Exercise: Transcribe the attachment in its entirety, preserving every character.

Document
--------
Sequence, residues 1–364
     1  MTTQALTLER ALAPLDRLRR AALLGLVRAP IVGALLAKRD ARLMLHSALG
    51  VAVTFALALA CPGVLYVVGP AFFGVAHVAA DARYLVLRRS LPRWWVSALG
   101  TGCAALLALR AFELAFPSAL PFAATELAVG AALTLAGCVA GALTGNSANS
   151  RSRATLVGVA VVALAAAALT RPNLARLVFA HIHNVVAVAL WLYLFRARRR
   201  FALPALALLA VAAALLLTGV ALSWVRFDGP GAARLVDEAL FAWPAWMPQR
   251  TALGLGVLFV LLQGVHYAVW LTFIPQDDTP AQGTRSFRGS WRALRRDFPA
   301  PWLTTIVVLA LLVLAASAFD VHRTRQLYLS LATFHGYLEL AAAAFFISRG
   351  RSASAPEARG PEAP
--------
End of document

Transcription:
Sequence, residues 1–364
     1  MTTQALTLER ALAPLDRLRR AALLGLVRAP IVGALLAKRD ARLMLHSALG
    51  VAVTFALALA CPGVLYVVGP AFFGVAHVAA DARYLVLRRS LPRWWVSALG
   101  TGCAALLALR AFELAFPSAL PFAATELAVG AALTLAGCVA GALTGNSANS
   151  RSRATLVGVA VVALAAAALT RPNLARLVFA HIHNVVAVAL WLYLFRARRR
   201  FALPALALLA VAAALLLTGV ALSWVRFDGP GAARLVDEAL FAWPAWMPQR
   251  TALGLGVLFV LLQGVHYAVW LTFIPQDDTP AQGTRSFRGS WRALRRDFPA
   301  PWLTTIVVLA LLVLAASAFD VHRTRQLYLS LATFHGYLEL AAAAFFISRG
   351  RSASAPEARG PEAP